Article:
Signs and symbols are the basic ways people communicate. Speaking, writing and nonverbal indicating (such as pointing, nodding your head or clapping your hands) are only one form of communication. But there are numerous other ways people can express ideas. For example:

  • Hand gestures
  • Hair style
  • Clothing
  • Tattoos
  • Decorations inside and outside your home
  • Piercings
  • Paintings
  • Photographs
  • Poems
  • Artwork
  • Dance
  • Body language
  • Jewelry
  • Make-up
  • Bumper stickers
  • Facebook profile picture
  • Flags
  • Job title
  • Dietary choices
  • Choice of spouse or significant other
  • Pets
  • Music
  • Choice of what city/neighborhood/region you live
  • Choice of when to use certain languages (English, Spanish, French, Cantonese, Arabic, etc.)
  • Religious insignias (cross in Christianity, Star of David in Judaism, bindi in Hinduism, etc.)
  • Hashtags
  • Nicknames
  • Colors
  • Volume (of words, actions, and so on)
  • Word choices
  • Transportation choices
  • Body art
  • Facial expressions

The list goes on. Flags can be an expression of nationalistic pride. Religious-themed clothing or jewelry can signify adherence to a certain faith. Dietary choices communicates to the world messages like how you view your own health, opinions on environmental stewardship and social responsibility. In fact, here’s an old joke. How do you know if someone is a vegan? Don’t worry. They’ll tell you over and over again!

I’m not anti-vegan, but you get the idea. Being a vegan isn’t just a set of eating choices. It’s a statement on your views pertaining to health, animal rights, the environment, urbanization, human rights, sustainability, ethics, and so forth. Can it get annoying? Perhaps, but it gets annoying because from a semiotic perspective, they’re trying to tell you much more than the mere fact they prefer not to eat animal-based products.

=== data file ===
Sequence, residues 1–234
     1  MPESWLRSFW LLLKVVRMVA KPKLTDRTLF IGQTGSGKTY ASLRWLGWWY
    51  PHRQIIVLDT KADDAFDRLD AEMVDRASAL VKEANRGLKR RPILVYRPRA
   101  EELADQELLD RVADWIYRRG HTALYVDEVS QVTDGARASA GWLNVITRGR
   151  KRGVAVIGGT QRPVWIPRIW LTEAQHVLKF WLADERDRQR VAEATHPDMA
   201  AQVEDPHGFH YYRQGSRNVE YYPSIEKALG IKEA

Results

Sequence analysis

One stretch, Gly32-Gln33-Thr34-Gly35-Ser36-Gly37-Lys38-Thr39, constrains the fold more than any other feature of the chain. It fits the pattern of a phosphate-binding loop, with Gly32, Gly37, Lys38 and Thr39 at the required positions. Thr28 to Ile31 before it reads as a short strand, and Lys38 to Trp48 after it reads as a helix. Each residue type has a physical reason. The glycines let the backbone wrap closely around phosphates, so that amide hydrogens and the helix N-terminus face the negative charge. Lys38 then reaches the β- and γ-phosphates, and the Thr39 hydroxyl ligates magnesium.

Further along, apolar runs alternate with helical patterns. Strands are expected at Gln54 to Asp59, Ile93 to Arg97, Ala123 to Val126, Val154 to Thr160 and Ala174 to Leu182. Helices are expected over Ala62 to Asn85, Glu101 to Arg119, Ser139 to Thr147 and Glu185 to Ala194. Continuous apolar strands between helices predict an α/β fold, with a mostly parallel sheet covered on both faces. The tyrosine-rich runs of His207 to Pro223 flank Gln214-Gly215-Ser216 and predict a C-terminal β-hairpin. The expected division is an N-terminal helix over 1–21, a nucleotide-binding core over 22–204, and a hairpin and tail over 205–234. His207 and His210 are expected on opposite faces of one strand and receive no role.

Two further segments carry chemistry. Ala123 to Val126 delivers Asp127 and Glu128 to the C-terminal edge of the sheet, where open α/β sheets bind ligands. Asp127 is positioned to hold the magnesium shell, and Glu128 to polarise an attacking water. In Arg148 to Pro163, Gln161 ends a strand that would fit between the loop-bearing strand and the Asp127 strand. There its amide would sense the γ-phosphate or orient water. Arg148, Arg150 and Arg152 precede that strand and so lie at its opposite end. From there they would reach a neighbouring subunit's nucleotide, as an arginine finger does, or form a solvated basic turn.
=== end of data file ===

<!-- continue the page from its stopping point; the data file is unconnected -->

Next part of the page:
All of this brings us to the focal point of this post: A muscular woman’s body. I’ve covered the topic of muscular women and semiotics in previous blog articles, but I’d love to explore this in further detail.

In bed with Ashley Starr.
In bed with Ashley Starr.

A muscular woman; whether she’s a professional or amateur bodybuilder, personal trainer, athlete, or noncompetitive gym rat; makes a lot of statements even without saying a single word. And not just statements, but definitive statements. I once had a college professor who told our class that “you can never not communicate.” Everything you do, whether you intend to or not, is a form of communication.

To help us understand what this means, imagine this scenario: You’re walking down a crowded street. You’re minding your own business. It’s a perfectly sunny Saturday afternoon. Clear skies, tourists and pedestrians out everywhere. All of a sudden, you see walking down the sidewalk a beautiful muscular woman. She’s making no attempts to hide her muscularity by wearing sleeveless shirt and yoga pants. She casually strolls by you. You stop and stare, but she keeps on moving at her own pace. She’s minding her own business. Most important, she doesn’t utter a single word to you. Nada. Nothing. Although she doesn’t verbally speak to you, she’s told you a whole encyclopedia’s worth of material…whether you realize it or not.

When I talk about a muscular woman’s body, I’m not referring to her hairstyle, choice of clothing, tattoos, piercings or anything like that. I’m only talking about her flesh and blood body. By themselves, her muscles are a symbol. They carry with it meaning beyond her physiological composition. So what we’re talking about isn’t a muscular woman’s entire appearance, just her muscles. Everything else is very interesting unto itself, but let’s keep it simple for the sake of this discussion.

Let’s look at some of the messages inherent in a muscular woman’s body:

1. Social defiance

Perhaps most jarring, social defiance is the loudest message being communicated by a woman’s muscles.